From the perspective of national security research and practitioners of CVE, our job of countering extremist ideology and narratives has just become harder as we now also have to convince our own President that terrorism can never be justified as “violent jihad” and the two are not synonyms.

Ferhani and Mamdouh- Hate Crime or Terrorism?

The recent arrest of Mohamed Mamdouh and Ahmed Ferhani on charges of plotting to attack a New York synagogue has received much media attention, not because of the crime being planned, but because the FBI NY JTTF opted to not be involved in the case. There is much speculation about the politics of the FBI/NY JTTF/NYPD working relationship, and anonymous law enforcement sources have suggested that the case will not hold up to terrorism charges in federal courts.

This speculation is extremely interesting because of the FBI’s definitions of international and domestic terrorism (excerpts below taken from .

FBI definitions

There is no single, universally accepted, definition of terrorism. Terrorism is defined in the Code of Federal Regulations as “the unlawful use of force and violence against persons or property to intimidate or coerce a government, the civilian population, or any segment thereof, in furtherance of political or social objectives” (28 C.F.R. Section 0.85).
The FBI further describes terrorism as either domestic or international, depending on the origin, base, and objectives of the terrorist organization. For the purpose of this report, the FBI will use the following definitions:

  • Domestic terrorism is the unlawful use, or threatened use, of force or violence by a group or individual based and operating entirely within the United States or Puerto Rico without foreign direction committed against persons or property to intimidate or coerce a government, the civilian population, or any segment thereof in furtherance of political or social objectives.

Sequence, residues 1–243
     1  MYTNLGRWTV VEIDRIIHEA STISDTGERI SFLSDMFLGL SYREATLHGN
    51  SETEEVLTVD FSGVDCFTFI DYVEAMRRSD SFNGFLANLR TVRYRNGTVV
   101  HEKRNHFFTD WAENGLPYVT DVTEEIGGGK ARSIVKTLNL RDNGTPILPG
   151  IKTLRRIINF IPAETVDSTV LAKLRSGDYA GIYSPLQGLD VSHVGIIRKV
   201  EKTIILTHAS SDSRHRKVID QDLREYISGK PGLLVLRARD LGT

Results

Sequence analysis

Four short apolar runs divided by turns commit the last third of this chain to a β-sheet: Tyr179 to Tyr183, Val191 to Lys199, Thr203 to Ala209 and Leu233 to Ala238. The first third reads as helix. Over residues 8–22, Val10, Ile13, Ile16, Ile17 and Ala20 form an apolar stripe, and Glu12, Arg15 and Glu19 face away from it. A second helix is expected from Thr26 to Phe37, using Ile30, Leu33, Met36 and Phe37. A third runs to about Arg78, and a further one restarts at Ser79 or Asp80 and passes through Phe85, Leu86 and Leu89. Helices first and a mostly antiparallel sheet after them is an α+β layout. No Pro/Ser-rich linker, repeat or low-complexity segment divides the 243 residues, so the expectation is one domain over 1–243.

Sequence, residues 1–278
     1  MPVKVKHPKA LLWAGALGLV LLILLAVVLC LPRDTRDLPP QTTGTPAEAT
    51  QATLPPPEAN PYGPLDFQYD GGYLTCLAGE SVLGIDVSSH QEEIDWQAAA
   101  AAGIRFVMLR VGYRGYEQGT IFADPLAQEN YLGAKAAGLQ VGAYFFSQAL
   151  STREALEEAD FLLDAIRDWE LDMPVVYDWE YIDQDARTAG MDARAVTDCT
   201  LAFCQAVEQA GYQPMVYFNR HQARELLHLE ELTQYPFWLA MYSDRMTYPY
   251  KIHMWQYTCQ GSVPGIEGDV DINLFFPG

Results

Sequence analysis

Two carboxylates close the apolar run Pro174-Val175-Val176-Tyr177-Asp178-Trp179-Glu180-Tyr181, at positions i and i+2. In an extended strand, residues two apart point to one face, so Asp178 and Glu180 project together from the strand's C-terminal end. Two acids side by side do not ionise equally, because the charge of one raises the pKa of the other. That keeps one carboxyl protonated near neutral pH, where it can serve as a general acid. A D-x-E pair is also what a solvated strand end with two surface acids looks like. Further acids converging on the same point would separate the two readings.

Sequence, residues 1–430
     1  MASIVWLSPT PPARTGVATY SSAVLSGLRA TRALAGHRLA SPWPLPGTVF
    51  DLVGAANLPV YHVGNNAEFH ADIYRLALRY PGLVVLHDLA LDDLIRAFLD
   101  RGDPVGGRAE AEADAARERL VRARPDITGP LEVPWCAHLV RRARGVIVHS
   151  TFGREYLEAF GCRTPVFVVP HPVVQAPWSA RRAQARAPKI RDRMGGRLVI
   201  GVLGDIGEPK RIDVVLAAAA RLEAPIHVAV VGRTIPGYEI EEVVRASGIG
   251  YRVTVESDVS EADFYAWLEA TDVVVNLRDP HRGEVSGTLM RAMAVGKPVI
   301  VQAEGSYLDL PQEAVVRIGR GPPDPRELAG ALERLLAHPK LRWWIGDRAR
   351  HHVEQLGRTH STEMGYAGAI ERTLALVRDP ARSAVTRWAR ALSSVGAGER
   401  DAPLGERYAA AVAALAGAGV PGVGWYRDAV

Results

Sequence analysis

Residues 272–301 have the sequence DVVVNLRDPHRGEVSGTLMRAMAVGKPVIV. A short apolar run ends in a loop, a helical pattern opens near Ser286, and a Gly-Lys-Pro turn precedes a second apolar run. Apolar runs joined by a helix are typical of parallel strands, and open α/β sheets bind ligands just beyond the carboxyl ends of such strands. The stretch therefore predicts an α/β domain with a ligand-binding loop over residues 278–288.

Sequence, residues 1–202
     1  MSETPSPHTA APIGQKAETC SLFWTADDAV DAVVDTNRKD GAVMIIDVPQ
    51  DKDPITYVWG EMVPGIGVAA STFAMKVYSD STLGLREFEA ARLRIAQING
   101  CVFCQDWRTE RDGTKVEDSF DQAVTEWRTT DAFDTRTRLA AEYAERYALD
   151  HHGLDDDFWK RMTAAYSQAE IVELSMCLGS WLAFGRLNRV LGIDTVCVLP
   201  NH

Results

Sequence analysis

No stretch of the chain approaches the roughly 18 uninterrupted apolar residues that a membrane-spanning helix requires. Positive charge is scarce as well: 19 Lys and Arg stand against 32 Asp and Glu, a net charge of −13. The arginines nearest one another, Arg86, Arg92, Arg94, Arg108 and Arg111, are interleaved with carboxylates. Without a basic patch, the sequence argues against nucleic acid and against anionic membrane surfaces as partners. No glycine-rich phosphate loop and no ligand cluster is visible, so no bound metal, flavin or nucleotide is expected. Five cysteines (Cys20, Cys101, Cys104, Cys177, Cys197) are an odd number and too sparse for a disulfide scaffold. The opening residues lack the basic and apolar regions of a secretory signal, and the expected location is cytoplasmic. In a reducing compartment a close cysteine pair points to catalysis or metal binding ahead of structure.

• International terrorism involves violent acts or acts dangerous to human life that are a violation of the criminal laws of the United States or any state, or that would be a criminal violation if committed within the jurisdiction of the United States or any state. These acts appear to be intended to intimidate or coerce a civilian population, influence the policy of a government by intimidation or coercion, or affect the conduct of a government by assassination or kidnapping. International terrorist acts occur outside the United States or transcend national boundaries in terms of the means by which they are accomplished, the persons they appear intended to coerce or intimidate, or the locale in which their perpetrators operate or seek asylum.

It is important to note that terrorism by definition requires “furtherance of political or social objectives”. This means hate crimes (like anti-Semitic attacks, plans to bomb synagogues/churches/mosques) or attacks by clinically crazy people are not considered terrorist acts; they get prosecuted under hate crimes and various other criminal statutes instead, and carry softer sentences than anything related to terrorism. The meager information released about the case so far, along with the FBI/JTTF (in)actions raise the possibility that these two individuals were driven by sheer hate, and not terrorism. This would make it similar to the Sandlin Mathews Smith case, where the suspect was not charged with terrorism even though he had bombed a Florida mosque in 2010.

The second aspect of note is its completely domestic nature; there does not appear to be any foreign influence in this particular case. If there had been inspiration or involvement with any foreign organization, like the Shabab, Al Qaeda (central) or any of the Al-Qaeda affiliate/partner networks, the international terrorism statutes could/would have been applied.

A detail to remember is that this incident should not be considered a “lone wolf” terrorism case as it involved two individuals, even if they are not affiliated with any groups. Parallels are also drawn to Faisal Shahzad (Times Square bomber) however he too was not a lone wolf; whereas he implemented the bombing attempt by himself, he was actually affiliated with TTP who were part of the training, planning and funding of the operation (a true lone wolf case is the Unabomber).

The case of the make-up salesman/aspiring model Ferhani and taxi dispatcher Mamdouh on state terrorism charges (rather than federal), has the potential to dissolve into an entrapment case about terrorism because the perpetrators are Muslim and it involves the NYPD, rather than being treated as a hate crime like the Sandlin Smith case. Once again, we will have to wait and see what plays out.